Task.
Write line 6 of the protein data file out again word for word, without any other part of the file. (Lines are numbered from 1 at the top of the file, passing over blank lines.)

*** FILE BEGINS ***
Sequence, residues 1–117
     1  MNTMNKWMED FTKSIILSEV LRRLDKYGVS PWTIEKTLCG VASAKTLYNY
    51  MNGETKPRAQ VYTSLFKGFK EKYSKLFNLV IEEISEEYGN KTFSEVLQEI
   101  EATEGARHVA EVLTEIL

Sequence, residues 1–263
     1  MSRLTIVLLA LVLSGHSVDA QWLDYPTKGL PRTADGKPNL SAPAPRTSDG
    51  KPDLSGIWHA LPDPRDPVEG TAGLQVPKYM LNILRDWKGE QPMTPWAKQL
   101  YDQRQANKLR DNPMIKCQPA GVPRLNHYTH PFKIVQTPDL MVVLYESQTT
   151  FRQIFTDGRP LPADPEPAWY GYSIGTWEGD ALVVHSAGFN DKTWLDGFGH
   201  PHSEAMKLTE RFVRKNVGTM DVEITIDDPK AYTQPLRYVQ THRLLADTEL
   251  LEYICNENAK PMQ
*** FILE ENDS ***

     1  MSRLTIVLLA LVLSGHSVDA QWLDYPTKGL PRTADGKPNL SAPAPRTSDG